I quote from the report coming from the MC partner in New Zealand, Mission Interlink, and their gracious words on a great man.
Many people spend much of their life trying to work out what their gifting or talent may be. Not so Ray, he had plenty to choose from. He was an accomplished classical pianist and could easily have forged a glittering career making the most of this gift. He was a talented sportsman and played in Wellington College’s First X1 cricket team and First XV rugby side. Then he pursued a career in medicine which in turn led to him training as a heart surgeon, working with pioneers such as Sir Douglas Robb and Sir Brian Barratt-Boyes. He served as a heart surgeon at Greenlane Hospital for three years.
But Ray didn’t follow his own giftings, he followed God’s call on his life and became a missionary. For Ray and wife Gwen, “trust and obey” is the cornerstone of their faith. They went to India to work with the Bible and Medical Missionary Fellowship (now known as Interserve).
Mary Tallon, in her biography of Ray, describes his work in the field of medical mission, how he was a pioneer of both medicine as mission and the tentmaker approach to mission work which these days we take for granted. Ray married Gwen in 1953. Nine years later, with 5 children under 8 years old, they headed to India, commissioned by Mt Albert Baptist Church (which was built by Gwen’s grandfather).
They spent the next 20 years serving the people of India in various capacities. Ray was instrumental in establishing an association of evangelical Christian Hospitals in North India called Emmanuel Hospital Association (EHA). Today EHA has 20 hospitals and 30 community health and development projects in 14 Indian states with a staff of about 1500 plus 156 doctors.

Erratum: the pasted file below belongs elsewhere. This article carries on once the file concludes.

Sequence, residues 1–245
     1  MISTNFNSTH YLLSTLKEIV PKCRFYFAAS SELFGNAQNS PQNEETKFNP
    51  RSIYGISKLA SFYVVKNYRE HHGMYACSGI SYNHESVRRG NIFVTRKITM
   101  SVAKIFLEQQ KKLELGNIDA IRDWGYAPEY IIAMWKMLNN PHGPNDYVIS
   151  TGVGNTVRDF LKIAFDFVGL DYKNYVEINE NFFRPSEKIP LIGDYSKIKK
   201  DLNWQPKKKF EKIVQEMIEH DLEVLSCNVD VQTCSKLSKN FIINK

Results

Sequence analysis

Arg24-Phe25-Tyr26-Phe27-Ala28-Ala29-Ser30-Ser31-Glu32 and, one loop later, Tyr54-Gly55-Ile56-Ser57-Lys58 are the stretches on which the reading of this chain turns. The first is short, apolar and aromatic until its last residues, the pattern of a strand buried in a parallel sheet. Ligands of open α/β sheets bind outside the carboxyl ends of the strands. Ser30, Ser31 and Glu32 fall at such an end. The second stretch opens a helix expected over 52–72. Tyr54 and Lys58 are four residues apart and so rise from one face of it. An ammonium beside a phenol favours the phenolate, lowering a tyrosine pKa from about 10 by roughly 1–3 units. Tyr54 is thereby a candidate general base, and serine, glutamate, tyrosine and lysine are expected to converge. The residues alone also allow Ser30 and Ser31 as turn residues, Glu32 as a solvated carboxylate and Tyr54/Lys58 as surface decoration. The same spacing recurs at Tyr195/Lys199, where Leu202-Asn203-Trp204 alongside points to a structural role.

Ray ended up as International Director of BMMF before accepting a call to be principal of All Nations Christian College in the UK. Then the couple returned home to look after Ray’s ailing mother, Janet, because Ray had made a promise to his father to do so, and because he took seriously the command in 1 Timothy 5:3-8 about providing for relatives and immediate family. But Ray continued to serve the missions community through the World Evangelical Alliance and the WEA Missions Commission. Ray also served on several boards including The Bible College of NZ, TEAR Fund and Operation Mobilisation.
Ray’s life has been a series of dramatic turns in response to God’s calling on his and Gwen’s lives. As son Paul – well known to us all as a former principal of Carey Baptist College – says of his father’s calling: “This obedience surprised many and seemed to them a waste, but there is no waste in the divine economy.”
The Funeral is 1:pm at The Windsor’s long-time home church, Mt Albert Baptist on Monday the 15th. In lieu of flowers there will be an account set up for donations.
The biography that Mary Tallon wrote of Ray, Surprised by Obedience, can be purchased on line at http://www.amazon.com/Surprised-Obedience-biography-Raymond-Windsor/dp/0986462640